With all the winter weather that we’ve had (and are still having for at least another day), thoughts of the garden for this summer are a little bit on hold. Later this week, I should have a couple posts and pictures from the 2nd Outdoor Living and Landscape Show (Mar. 1-3 at Century II). So what to do while waiting out the storm? Think about what to cook with all the vegetables we haven’t even planted yet, of course!
I’ll be partnering with our Foods & Nutrition Agent, Denise, to have some new classes, called “Saturday Samplers” one Saturday each month this spring through fall. These will be short classes out in the Demonstration Garden, somewhat similar to the Friday Lunch in the Garden events I did a few years ago. More information on those will be coming later. For now, I’m amusing myself by looking for interesting recipes featuring things we’ll have in the garden this year.
If you’ve been following the blog long (or attended any of my gardening classes), you’ve probably heard me joke about how I don’t consider eggplant edible. I’ve really only ever found a couple recipes that make it palatable. So I’m definitely looking for some good eggplant recipes. (Yes, I know all about eggplant parmesan.)
Here are some other veggies and herbs we might feature at some point:
- Thyme (regional herb of the year!)
- Tomatoes (of course!)
- Root Vegetables (radishes, fall radishes, carrots, parsnips, beets, turnips)
- Brassicas (cauliflower, broccoli, and cabbage)
Do you have any interesting recipes that feature any of these vegetables or herbs? Healthy is always good, but we aren’t specifically locked into recipes that are “low-everything.” (At least I’m not! You have to like a vegetable first, in my opinion. Then we’ll talk about how you are cooking it. Except battered and fried. I drawn the line there. Sorry.)
You get extra points if you can fit multiple of the things listed above into one recipe! I found this one: Cold Tomato-Thyme Soup with Garlic Croutons.
Use your oven to bring out the sweetness of vegetables with this simple recipe. It may even get “Mike-y” to eat all his vegetables!
Per Serving: $.34
- 5 cups assorted vegetable pieces cut in chunks (potatoes, sweet potatoes, winter squash, turnips, carrots, onions, mushrooms)
- 1 tablespoon vegetable or olive oil
- 2 teaspoons dried Italian seasoning
- 1/8 teaspoon black pepper
- 1/8 teaspoon salt
- Heat oven to 425 F.
- Line a 9×13 pan with aluminum foil.
- Spread vegetables in pan. Sprinkle oil on vegetables. Stir. Sprinkle with seasoning, pepper, and salt. Stir.
- Bake uncovered 45 minutes. Turn every 15 minutes.
- Serve while hot.
- Roasting brings out the sweetness of vegetables.
- Use thyme, basil, or rosemary in place of dried Italian seasoning.
- Save energy. Roast veggies in oven with other food or right after other food is done.
- Use veggies that your family likes. Leftovers are great.
I was looking through my Richters Herbs catalog this morning, getting some ideas for the Herb sub-committee meeting, and noticed information about something called “Seed Zoo“. Basically they are working with ethnobotanists to preserve traditional varieties of vegetables found in different parts of the world. This isn’t a new concept, certainly. I’ve been a fan of Native Seed SEARCH for quite a while. They preserve traditional plants and seeds from the desert Southwest.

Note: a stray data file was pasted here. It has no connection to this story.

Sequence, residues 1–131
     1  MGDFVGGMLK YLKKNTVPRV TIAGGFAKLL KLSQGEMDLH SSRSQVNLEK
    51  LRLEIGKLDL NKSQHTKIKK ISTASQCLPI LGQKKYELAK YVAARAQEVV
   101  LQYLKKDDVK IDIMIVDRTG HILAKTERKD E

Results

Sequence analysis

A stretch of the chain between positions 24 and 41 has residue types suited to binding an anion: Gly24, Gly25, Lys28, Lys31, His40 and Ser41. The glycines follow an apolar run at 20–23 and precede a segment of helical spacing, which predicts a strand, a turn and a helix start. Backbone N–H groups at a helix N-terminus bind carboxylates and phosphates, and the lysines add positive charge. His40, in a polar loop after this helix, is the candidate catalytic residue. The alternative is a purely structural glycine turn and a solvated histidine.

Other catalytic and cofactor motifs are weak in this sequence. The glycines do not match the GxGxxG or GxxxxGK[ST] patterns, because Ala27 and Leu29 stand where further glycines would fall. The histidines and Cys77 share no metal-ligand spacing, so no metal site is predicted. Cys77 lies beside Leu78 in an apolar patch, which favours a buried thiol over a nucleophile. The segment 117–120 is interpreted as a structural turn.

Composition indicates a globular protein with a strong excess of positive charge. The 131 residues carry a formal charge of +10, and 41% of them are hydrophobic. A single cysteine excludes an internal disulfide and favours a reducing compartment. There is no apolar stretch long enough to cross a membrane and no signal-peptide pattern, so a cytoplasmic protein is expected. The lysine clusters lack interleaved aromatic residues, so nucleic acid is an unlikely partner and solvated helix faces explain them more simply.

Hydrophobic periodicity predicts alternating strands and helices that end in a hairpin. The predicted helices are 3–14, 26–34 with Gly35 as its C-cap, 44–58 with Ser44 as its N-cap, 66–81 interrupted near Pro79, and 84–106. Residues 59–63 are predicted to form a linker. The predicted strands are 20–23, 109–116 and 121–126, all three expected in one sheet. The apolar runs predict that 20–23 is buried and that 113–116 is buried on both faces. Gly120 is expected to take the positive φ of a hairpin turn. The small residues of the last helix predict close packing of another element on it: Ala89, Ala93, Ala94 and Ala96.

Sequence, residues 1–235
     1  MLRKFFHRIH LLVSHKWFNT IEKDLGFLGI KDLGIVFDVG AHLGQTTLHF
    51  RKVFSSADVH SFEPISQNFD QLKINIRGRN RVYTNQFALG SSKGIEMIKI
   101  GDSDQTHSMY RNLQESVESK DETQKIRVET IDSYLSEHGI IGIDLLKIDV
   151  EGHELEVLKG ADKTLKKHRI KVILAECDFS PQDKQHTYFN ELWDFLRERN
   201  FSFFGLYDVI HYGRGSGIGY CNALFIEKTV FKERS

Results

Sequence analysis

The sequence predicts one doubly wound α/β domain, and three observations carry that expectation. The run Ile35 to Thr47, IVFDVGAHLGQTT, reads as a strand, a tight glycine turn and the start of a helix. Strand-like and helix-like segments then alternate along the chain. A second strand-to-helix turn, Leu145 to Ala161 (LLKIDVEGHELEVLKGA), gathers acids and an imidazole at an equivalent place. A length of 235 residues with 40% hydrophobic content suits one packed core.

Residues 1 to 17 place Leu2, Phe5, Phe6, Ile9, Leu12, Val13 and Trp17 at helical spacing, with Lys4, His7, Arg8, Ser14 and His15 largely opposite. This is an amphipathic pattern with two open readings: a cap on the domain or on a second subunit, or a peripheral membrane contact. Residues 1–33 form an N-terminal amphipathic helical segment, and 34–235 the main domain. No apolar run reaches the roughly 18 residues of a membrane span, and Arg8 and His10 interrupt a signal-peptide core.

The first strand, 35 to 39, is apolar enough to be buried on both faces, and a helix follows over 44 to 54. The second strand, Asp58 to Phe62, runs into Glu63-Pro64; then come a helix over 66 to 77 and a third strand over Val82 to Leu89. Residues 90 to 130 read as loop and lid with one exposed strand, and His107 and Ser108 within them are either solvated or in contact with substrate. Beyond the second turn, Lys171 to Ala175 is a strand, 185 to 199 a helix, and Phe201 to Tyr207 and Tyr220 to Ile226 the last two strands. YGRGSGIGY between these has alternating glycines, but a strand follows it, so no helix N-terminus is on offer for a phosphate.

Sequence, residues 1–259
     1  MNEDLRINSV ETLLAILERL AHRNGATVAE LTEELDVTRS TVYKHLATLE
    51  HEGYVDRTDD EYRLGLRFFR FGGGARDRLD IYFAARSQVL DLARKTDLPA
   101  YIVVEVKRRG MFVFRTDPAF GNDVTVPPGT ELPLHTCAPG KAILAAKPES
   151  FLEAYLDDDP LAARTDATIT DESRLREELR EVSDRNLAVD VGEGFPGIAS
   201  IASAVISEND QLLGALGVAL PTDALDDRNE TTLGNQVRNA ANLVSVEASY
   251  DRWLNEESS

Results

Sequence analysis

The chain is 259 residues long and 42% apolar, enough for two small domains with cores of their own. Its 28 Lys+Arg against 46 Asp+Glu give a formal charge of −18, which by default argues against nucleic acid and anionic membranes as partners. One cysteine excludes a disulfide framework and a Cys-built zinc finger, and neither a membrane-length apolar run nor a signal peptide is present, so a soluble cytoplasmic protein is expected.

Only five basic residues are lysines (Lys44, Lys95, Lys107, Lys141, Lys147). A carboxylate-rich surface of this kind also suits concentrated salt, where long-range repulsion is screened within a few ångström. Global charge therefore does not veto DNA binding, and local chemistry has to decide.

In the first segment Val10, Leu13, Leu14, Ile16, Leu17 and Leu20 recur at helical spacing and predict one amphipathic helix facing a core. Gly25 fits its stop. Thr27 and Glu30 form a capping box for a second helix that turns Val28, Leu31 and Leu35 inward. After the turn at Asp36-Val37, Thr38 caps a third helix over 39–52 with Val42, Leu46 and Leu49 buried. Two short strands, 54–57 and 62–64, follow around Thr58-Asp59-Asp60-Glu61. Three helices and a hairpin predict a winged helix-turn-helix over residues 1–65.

If you visit the Seed Zoo website, they have interesting stories to go with each seed about where they came from. While many of them probably wouldn’t grow well here, I always find it extremely interesting to see the differences in fruits and vegetables grown in different parts of the world.
One thing I find interesting is that in the descriptions, a couple of times they say that the particular melon was growing in a very hot humid location, therefore that variety might have some good disease tolerance. I suppose that is possible. It is also possible that some of the diseases we find problematic do not exist in those locations. Like plants, not all diseases naturally exist everywhere. They have to be spread to a new location in one way or another. That’s one reason that there are restrictions on importing plant material into the U.S.
Anyway, check out those links to see some very unique vegetables! (And if you’ve never looked at the selection of herbs from Richters, you should do that too!)
It’s a little bit funny that we’re talking about our planting plans when we aren’t remotely close to having beds to plant in. However, we’re eternal optimists and are forging ahead with our planting plans, regardless of whether or not we ever actually get to implement them! I think we’ll have some very exciting things in the garden this year, assuming the construction goes well this spring.
Since time is getting shorter to plant vegetables for the fall garden (and since the weather seems to be getting slightly more moderate), here’s a quick video about some colorful options for the fall vegetable garden. If you’ve been hanging around this blog for very long, no doubt you have seen most of these veggies before!